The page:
Every year around Advent millions of people from Spanish speaking countries create Belenismos or pesebres. Belenismo is a term that comes from the word “Belen” which means Bethlehem, and pesebre which means manger. Belenismo is the art of recreating the area in Bethlehem where Our Savior was born. Today, many families work in their Nativity scenes during the season of Advent. In some Spanish speaking countries it’s a very serious undertaking.
The Belenismo has to recreate, as much as possible, the area as it looked at the time of Jesus. The families make their own mountains, mangers and shepherds’ little houses. They also add crafts and figures passed down from former generations. As the years pass on, the size of their Belenismo increases.
Our religion teacher, Mrs. Gilda Brink, shared her Belenismo with our class at St. Mary Magdalen Catholic School. Mrs. Brink, who was born and raised in Peru, actually transported her Nativity scene to our classroom and arranged it on a large table for all to enjoy. When the students entered the classroom for the first period of religion, the classroom lights were off. As students heard the soft tunes of “Oh Little Town of Bethlehem”, all eyes were fixed on the string lights that illuminated a beautiful Belenismo.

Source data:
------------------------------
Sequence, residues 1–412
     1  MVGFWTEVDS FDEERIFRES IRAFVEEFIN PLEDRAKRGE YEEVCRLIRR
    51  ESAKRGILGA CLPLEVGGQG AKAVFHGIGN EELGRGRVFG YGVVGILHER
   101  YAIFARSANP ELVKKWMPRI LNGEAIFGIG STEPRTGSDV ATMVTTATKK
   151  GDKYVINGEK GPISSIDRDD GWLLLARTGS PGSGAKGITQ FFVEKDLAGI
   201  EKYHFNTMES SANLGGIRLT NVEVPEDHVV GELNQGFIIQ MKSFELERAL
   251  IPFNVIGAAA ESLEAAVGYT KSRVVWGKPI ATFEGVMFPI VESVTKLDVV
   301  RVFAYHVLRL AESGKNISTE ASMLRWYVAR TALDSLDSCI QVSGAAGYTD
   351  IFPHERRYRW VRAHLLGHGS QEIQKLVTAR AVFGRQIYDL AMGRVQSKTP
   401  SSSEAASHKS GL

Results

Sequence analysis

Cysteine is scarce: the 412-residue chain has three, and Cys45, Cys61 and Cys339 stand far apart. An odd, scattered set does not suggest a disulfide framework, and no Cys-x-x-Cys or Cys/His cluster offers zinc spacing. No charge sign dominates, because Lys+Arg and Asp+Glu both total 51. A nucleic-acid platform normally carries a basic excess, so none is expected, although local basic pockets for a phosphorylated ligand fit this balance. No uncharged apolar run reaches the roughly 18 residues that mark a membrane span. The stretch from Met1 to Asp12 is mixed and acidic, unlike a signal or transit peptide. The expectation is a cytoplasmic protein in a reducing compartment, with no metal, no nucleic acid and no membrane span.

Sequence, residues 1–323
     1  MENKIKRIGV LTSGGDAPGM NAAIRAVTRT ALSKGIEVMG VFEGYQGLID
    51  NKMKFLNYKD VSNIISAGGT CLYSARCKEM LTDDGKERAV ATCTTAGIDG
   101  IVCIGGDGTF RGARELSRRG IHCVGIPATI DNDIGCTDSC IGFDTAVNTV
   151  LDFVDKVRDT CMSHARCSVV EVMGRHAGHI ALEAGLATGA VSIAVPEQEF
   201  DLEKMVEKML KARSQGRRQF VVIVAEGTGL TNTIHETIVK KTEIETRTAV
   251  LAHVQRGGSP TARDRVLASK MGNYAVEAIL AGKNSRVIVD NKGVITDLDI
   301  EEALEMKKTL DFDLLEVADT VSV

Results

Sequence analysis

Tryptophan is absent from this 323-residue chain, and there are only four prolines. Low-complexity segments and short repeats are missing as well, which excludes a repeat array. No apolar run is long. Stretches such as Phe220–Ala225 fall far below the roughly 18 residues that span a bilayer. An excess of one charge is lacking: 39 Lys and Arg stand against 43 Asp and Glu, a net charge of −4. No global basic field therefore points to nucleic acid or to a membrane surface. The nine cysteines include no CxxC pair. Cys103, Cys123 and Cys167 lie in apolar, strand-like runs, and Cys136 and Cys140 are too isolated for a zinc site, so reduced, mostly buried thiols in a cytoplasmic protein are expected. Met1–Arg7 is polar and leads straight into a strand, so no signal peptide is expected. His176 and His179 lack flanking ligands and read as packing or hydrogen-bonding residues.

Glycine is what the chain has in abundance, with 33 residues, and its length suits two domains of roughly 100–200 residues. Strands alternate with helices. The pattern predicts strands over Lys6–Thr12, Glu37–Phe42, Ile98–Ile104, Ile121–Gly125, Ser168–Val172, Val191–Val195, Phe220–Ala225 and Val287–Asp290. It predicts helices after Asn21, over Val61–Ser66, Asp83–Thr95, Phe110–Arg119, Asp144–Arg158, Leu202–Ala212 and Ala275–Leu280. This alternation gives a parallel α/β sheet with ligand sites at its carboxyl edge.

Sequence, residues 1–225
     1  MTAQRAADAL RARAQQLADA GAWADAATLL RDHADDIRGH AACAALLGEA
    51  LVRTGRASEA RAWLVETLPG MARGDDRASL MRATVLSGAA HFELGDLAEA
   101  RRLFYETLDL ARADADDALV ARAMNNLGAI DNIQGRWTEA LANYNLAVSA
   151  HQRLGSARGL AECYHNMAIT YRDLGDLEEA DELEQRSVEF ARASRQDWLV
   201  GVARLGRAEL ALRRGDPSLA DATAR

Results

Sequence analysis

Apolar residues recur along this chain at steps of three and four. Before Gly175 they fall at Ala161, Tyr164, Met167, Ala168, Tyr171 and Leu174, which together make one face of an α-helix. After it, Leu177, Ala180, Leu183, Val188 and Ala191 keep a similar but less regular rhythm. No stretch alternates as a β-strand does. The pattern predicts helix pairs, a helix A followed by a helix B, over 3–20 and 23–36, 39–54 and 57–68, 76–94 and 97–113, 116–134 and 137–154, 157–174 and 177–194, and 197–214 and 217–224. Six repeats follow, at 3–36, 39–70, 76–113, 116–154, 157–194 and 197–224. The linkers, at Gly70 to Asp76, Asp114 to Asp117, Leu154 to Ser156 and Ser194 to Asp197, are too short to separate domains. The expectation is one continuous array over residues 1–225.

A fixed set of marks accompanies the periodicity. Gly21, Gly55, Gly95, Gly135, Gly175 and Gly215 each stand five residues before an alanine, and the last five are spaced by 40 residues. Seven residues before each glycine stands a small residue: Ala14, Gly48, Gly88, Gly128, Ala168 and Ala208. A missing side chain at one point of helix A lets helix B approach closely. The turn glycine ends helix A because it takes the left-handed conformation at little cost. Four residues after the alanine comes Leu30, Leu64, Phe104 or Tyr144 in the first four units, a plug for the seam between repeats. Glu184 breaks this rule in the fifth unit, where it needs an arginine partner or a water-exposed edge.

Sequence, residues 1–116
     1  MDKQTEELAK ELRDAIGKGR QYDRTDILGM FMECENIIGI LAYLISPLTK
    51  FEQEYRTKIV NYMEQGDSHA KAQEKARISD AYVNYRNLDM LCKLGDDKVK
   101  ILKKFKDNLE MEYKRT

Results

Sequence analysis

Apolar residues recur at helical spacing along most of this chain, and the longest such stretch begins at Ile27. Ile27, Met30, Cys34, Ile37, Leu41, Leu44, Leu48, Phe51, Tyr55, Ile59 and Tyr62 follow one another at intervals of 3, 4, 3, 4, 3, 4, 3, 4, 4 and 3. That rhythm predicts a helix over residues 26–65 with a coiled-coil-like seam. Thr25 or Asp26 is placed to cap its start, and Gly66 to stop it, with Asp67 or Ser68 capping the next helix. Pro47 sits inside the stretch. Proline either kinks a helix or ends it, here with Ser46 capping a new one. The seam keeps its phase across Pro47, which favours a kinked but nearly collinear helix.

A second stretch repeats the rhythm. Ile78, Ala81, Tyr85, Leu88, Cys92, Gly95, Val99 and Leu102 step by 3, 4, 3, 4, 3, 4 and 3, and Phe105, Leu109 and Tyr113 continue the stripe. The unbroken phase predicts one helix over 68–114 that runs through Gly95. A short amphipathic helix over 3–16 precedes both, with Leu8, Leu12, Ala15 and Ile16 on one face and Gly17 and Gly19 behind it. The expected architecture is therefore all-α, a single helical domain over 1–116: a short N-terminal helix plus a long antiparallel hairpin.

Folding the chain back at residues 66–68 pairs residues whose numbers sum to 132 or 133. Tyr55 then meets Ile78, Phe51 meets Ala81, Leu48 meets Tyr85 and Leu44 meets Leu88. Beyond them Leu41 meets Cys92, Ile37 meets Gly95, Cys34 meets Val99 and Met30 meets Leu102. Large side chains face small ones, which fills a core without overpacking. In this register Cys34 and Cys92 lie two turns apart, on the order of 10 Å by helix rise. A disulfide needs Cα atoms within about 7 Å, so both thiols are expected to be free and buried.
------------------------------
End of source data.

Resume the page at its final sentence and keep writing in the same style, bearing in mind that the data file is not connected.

Later during the week, one student created a palm tree that was placed near the manger. This is a new addition to our teacher’s Belenismo, and it will forever remind her of our class.
Poppy is a seventh grade student at St. Mary Magdalen Catholic School in Altamonte Springs.